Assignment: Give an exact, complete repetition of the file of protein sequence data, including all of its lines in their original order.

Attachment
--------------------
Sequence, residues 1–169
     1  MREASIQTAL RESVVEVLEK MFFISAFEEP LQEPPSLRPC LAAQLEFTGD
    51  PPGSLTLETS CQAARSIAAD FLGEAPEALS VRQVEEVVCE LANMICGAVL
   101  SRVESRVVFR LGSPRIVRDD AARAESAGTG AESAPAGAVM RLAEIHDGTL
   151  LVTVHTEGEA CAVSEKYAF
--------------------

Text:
Sequence, residues 1–169
     1  MREASIQTAL RESVVEVLEK MFFISAFEEP LQEPPSLRPC LAAQLEFTGD
    51  PPGSLTLETS CQAARSIAAD FLGEAPEALS VRQVEEVVCE LANMICGAVL
   101  SRVESRVVFR LGSPRIVRDD AARAESAGTG AESAPAGAVM RLAEIHDGTL
   151  LVTVHTEGEA CAVSEKYAF